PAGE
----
Guerrilla and Ambient Advertising – No.3

I think I should have made a research about the history and the concept of the Guerrilla and Ambient Advertisings at first. But I was so fascinated by the ads that I totally forgot about the story behind them. So here is a late introduction of this part of the world of ads and their history:

History of Guerrilla and Ambient Advertising

Ambient was first used in relation to advertising in 1996 by Concord Advertising, a UK agency specializing in outdoor campaigns. It evolved from a need to apply a single term to what was an increasing request from clients for ‘something a bit different’ in their advertising. Clients, concerned with issues of cut-through, competition, decreased effectiveness and disinterested audiences wanted (and still want) advertising ‘with bite’ from their agencies. This push by clients for something different saw agencies placing ads in unusual places, such on as floors, petrol pump handles and backs of toilet doors – previously not considered as locations for advertising.
Such campaigns did not fit neatly into existing categories like out-door, print, radio or television and hence a new term was coined.
Consequently, the definition adopted for this name is: The placement of advertising in unusual and unexpected places (location), often with unconventional methods (execution), and being first or only ad execution to do so (temporal).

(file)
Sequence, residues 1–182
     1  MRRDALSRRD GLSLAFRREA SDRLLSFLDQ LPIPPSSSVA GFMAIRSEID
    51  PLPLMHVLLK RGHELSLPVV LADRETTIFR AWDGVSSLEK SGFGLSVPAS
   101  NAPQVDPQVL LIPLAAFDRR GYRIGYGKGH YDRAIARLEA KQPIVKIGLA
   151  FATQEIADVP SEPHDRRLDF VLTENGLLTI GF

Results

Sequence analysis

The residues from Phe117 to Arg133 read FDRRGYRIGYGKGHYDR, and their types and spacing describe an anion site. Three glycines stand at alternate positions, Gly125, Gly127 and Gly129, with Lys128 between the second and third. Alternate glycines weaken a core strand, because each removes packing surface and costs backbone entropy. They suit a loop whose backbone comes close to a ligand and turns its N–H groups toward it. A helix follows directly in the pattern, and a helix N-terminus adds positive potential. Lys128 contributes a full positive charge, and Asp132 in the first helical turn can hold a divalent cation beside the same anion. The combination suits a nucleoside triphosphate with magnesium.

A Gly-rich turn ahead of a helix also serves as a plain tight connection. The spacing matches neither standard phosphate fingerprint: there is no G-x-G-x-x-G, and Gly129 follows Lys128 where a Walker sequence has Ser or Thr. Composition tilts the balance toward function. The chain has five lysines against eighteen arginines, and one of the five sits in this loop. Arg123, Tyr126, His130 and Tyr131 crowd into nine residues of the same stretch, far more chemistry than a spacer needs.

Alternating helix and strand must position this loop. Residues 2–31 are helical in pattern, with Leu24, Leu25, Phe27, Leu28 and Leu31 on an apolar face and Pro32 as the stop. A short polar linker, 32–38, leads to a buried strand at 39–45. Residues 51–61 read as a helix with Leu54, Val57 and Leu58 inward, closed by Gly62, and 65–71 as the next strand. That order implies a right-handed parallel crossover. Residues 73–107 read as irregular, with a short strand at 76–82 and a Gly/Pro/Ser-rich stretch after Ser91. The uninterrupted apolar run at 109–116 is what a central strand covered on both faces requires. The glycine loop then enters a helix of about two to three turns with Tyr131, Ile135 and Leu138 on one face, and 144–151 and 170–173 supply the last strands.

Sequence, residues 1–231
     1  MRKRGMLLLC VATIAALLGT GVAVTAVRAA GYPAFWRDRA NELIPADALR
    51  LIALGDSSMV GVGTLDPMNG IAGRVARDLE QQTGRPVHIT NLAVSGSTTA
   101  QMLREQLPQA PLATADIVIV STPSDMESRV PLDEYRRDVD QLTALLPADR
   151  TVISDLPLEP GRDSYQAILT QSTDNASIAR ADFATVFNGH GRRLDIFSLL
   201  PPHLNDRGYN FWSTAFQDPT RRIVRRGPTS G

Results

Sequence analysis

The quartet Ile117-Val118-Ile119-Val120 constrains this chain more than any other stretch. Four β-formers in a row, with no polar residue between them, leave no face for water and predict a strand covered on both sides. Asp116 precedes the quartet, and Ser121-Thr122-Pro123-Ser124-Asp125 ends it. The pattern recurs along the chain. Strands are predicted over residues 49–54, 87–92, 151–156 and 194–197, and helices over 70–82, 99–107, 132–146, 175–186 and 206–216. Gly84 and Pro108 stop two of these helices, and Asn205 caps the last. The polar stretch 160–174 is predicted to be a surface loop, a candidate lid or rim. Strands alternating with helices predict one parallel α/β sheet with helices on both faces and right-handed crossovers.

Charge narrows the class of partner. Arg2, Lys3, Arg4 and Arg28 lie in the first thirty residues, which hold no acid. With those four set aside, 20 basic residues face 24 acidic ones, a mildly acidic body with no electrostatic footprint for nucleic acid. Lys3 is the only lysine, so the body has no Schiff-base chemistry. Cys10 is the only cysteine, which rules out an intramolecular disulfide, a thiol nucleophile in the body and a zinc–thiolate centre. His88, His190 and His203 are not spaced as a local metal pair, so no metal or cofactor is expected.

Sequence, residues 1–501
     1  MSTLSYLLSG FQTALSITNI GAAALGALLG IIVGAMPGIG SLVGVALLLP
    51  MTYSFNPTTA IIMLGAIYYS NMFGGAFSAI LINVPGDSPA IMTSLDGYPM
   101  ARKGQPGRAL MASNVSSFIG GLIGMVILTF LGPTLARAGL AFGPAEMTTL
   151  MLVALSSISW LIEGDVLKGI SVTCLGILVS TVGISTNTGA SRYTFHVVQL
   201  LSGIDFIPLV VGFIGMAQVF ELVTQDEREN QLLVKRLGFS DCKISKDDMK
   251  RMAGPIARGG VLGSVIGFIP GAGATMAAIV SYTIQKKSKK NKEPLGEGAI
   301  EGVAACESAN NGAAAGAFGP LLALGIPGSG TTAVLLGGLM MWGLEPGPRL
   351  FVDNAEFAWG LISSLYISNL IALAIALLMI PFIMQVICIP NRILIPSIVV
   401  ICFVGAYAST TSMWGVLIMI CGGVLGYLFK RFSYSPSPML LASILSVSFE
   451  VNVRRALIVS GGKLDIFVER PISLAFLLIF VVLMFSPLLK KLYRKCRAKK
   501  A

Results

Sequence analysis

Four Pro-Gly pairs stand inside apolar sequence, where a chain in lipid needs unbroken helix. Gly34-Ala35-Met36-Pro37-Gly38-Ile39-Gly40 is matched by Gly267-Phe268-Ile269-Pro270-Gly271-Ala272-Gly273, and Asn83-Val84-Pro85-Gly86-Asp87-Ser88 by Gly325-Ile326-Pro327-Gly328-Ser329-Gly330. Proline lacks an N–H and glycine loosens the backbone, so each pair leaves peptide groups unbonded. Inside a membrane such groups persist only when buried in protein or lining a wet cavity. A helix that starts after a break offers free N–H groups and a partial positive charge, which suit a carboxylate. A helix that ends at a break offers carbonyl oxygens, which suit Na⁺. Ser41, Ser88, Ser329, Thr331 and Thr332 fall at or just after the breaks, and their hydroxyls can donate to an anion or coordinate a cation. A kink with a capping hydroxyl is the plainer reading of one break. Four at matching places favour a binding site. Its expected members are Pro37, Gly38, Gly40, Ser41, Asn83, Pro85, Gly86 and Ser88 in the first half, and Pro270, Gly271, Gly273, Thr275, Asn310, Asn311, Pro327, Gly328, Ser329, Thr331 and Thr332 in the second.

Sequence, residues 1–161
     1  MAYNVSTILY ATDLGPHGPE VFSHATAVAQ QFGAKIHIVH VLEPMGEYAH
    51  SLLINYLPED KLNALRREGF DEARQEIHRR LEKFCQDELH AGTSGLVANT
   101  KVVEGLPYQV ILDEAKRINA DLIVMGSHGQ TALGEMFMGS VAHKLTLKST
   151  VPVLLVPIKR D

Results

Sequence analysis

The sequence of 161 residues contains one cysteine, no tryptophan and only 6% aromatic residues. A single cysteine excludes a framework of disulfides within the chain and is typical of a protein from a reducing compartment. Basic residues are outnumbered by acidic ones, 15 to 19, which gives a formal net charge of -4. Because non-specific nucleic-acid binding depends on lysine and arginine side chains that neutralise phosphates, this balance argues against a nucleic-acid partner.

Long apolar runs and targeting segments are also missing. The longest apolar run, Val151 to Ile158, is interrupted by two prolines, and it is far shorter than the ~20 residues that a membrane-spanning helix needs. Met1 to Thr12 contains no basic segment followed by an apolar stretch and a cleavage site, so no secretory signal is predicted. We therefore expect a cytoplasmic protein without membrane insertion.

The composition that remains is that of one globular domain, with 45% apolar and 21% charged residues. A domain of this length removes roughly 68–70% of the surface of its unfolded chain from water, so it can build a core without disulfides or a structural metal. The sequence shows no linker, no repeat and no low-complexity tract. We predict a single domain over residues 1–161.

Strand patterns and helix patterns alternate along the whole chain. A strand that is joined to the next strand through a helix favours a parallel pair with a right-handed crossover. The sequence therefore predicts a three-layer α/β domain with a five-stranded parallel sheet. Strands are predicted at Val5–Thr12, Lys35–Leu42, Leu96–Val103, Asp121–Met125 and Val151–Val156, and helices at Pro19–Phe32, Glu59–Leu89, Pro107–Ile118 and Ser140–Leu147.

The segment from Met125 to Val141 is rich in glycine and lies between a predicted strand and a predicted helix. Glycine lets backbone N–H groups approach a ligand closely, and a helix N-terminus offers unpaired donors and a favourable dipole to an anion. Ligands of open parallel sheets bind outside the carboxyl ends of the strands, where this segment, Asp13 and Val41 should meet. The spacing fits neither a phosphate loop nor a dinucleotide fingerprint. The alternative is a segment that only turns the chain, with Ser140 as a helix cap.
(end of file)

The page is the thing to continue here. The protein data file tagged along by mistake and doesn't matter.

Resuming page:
Newness, creativity, novelty and timing are key themes in Ambient advertising. One of the fundamental premises of Ambient is that the world is an advertising stage. Everything is a potential advertising medium!

Ambient advertising has seen a massive increase in popularity in a short period of time. In the UK, expenditure on Ambient has doubled in the past two years to $A156 million and has outgrown all other sectors. (Burbury 1999). It is also starting to take off in Australia and has been adopted by brands such as Nike, Daiwoo, travel.com, Imodium, Levi’s, I can’t Believe it’s Not Butter and others in local campaigns. World wide, major advertisers including Coca-Cola, Kellogg, Virgin, Nestle and numerous car companies have also invested in Ambient advertising campaigns. Yet despite this, Ambient remains relatively unexplored and almost no analysis exists.

(What is this thing called ‘Ambient Advertising’? – Sandra Luxton (lecturer) and Lachlan Drummond (Post graduate candidate) Monash University
)

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